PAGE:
Carvajal: 4-year program needed
Published 11:08 am Friday, December 2, 2011
By MARCIA McRAE
BC Communications Director
The long-burning question of whether there is a need for Bainbridge College to offer a baccalaureate (four-year or bachelor’s degree) program was recently answered, President Richard Carvajal announced to the college’s faculty and staff Thursday.
Carvajal said a recently completed needs assessment has answered the question that has been repeatedly raised for many years — is there a documentable need for greater access to baccalaureate degree programs in southwest Georgia?
The answer is clearly yes,” Carvajal said.
He told the BC faculty and staff that the needs assessment found that the percentage of persons 25 years of age or older in southwest Georgia who have completed a baccalaureate degree was less than half of the statewide average.
MGT of America, a national consulting firm based in Florida, was contracted by the college this past summer to conduct a comprehensive assessment of the need for potential four-year program expansion. As part of their work, they examined degree attainment rates for residents of the 11 Georgia counties that BC principally serves and compared them to statewide figures.
Regionally, the highest degree earned for 6.79 percent of area residents is an associate degree, compared with 6.40 percent statewide. Meanwhile, 17.54 percent of Georgians have earned bachelor’s degrees, while only 8.31 percent of adults in southwest Georgia have attained the same credential.
“Where Bainbridge College is able, we have met the need,” said Carvajal, pointing to the success BC has enjoyed in producing graduates in associate degree programs. “Where we are not able, the need has not been met for those who live in our region.”
MGT also found that the jobs that the area’s major employers will be adding in the next decade will increasingly demand training and credentials beyond the associate degree, and the shortfall of a properly trained workforce warrants quick attention.
“Shortfalls in educational attainment are starkly apparent for the Georgia segments of the service area,” MGT of America concluded, in its report to the college. “There exists a pronounced opportunity for expansion of educational services to fulfill this need.”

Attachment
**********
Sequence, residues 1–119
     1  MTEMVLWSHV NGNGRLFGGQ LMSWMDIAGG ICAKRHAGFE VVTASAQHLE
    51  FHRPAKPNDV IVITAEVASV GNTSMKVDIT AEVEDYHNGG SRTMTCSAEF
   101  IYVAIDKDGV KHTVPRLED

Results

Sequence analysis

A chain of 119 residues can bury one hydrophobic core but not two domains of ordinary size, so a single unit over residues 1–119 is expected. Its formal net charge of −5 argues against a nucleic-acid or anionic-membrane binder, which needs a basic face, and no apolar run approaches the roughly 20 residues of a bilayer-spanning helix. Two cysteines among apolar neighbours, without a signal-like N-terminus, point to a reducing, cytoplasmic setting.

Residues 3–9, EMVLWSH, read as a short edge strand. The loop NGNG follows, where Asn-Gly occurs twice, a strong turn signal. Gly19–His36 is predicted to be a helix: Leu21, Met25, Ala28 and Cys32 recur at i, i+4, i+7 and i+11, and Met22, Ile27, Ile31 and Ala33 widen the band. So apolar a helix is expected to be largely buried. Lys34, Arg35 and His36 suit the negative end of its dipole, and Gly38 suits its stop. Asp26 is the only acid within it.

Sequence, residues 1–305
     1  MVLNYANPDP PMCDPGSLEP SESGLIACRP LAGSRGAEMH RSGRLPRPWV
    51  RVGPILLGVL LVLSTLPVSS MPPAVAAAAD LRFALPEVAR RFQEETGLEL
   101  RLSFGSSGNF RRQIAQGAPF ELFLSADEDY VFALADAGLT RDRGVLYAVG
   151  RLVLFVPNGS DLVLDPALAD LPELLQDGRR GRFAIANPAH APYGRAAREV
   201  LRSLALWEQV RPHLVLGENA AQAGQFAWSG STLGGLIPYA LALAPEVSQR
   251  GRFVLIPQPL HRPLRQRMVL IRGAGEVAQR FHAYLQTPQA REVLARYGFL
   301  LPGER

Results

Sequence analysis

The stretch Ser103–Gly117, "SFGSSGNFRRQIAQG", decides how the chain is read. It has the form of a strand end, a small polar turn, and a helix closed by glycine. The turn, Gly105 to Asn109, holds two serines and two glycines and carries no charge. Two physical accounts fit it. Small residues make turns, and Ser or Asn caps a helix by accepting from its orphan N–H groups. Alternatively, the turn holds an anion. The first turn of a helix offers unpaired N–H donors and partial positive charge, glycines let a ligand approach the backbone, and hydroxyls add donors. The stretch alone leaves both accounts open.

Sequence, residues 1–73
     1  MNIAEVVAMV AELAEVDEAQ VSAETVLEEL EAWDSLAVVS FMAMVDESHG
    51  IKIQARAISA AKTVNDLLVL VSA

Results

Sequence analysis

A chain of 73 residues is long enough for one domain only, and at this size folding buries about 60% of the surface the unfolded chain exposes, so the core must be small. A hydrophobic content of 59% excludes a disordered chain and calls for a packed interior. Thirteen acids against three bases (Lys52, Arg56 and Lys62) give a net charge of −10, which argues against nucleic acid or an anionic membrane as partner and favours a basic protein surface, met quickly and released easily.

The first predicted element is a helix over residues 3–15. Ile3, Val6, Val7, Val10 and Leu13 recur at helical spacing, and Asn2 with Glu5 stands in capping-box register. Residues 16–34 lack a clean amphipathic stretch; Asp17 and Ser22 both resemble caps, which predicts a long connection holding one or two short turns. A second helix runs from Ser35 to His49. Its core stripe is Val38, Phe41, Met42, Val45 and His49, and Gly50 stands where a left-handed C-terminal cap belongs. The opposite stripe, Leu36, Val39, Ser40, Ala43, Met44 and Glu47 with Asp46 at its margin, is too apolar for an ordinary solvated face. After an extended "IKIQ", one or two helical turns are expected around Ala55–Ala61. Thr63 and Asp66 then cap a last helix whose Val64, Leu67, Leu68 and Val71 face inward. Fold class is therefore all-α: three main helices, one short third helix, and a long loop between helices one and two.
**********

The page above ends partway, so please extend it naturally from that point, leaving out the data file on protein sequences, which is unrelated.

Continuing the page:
An examination of the college’s current and past students also suggests that four-year programs can be successful at Bainbridge College, Carvajal said. He noted that survey results have indicated that approximately two-thirds of BC students have the goal of ultimately pursuing a bachelor’s degree. In addition, he cited the success of the college’s multiple 2+2 bachelor’s degree programs, in which a student who completes an Associate of Arts degree at Bainbridge College can then complete a four-year degree through another institution on Bainbridge College’s campus.
What new program might be attempted, and how it will best serve the community’s citizens, businesses and industries, are the next questions that will be addressed with more study over of the course of the next four to six months, Carvajal said. Once that work is completed, the college can complete the necessary steps to apply to the state Board of Regents of the University System of Georgia for permission to offer a baccalaureate degree.
Carvajal noted that some faculty and staff members, as well as members of the region’s communities, have previously expressed concerns of how a four-year program would change the fabric of Bainbridge College with its unique blend of transfer and technical programs, but he said that the college remains committed to offering technical programs.
“I am 100 percent committed to keeping those programs intact,” Carvajal said. “We believe that we can remain the same comprehensive college that we have always been, offering both transfer and technical programs. This move simply allows us to become even more comprehensive by ensuring that those who wish to earn a baccalaureate degree will be able to do so closer to home.”
Since Carvajal’s arrival in January, the president has been engaging the college’s students, faculty and staff, as well as the area’s residents, businesses and industries, on what they see for the future of the college. When he was formally introduced to the community in March, Carvajal outlined Bainbridge College’s 2011-14 Strategic Plan. Of the goals outlined, one goal was to decide once and for all whether or not to expand Bainbridge College’s mission and offer four-year programs that are intended to meet community workforce needs. The recently completed “needs assessment” by a consulting firm from Florida was a step toward meeting that goal.